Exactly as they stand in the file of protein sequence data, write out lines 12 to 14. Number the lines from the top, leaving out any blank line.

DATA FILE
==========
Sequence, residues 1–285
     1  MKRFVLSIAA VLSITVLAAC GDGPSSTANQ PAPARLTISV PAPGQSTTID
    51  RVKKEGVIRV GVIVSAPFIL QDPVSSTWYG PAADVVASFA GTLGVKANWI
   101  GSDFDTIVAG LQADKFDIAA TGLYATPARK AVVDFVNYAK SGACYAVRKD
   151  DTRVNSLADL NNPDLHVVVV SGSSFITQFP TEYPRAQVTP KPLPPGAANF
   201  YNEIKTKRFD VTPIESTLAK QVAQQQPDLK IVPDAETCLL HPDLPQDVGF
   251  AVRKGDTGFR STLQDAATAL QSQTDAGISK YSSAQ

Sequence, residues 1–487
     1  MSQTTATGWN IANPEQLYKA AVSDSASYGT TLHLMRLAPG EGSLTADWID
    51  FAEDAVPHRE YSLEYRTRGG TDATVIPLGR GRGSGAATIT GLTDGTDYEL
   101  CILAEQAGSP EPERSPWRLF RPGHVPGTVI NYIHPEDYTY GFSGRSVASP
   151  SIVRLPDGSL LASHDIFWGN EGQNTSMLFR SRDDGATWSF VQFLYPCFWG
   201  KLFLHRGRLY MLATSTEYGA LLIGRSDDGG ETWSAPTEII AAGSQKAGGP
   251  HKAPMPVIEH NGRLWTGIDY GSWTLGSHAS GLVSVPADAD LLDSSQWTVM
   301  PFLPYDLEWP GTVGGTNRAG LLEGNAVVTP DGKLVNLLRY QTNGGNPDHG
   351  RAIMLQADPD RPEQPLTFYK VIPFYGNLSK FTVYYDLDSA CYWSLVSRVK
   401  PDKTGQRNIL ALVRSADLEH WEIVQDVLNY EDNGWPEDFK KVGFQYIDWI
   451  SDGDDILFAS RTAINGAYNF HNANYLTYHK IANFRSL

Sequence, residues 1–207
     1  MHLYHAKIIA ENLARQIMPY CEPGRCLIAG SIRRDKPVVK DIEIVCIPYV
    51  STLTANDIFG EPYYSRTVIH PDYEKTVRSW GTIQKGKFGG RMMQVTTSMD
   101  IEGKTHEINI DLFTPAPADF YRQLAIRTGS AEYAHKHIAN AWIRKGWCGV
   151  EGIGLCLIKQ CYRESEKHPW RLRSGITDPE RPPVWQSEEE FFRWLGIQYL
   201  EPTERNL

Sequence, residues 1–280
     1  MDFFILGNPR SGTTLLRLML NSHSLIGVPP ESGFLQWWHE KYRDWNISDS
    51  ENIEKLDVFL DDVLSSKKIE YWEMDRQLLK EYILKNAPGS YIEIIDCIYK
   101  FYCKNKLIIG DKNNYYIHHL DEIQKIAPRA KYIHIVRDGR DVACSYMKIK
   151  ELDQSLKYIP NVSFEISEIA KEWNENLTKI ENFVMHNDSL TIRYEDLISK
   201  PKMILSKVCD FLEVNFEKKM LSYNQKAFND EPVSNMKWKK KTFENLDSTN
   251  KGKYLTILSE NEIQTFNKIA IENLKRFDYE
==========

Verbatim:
   151  SIVRLPDGSL LASHDIFWGN EGQNTSMLFR SRDDGATWSF VQFLYPCFWG
   201  KLFLHRGRLY MLATSTEYGA LLIGRSDDGG ETWSAPTEII AAGSQKAGGP
   251  HKAPMPVIEH NGRLWTGIDY GSWTLGSHAS GLVSVPADAD LLDSSQWTVM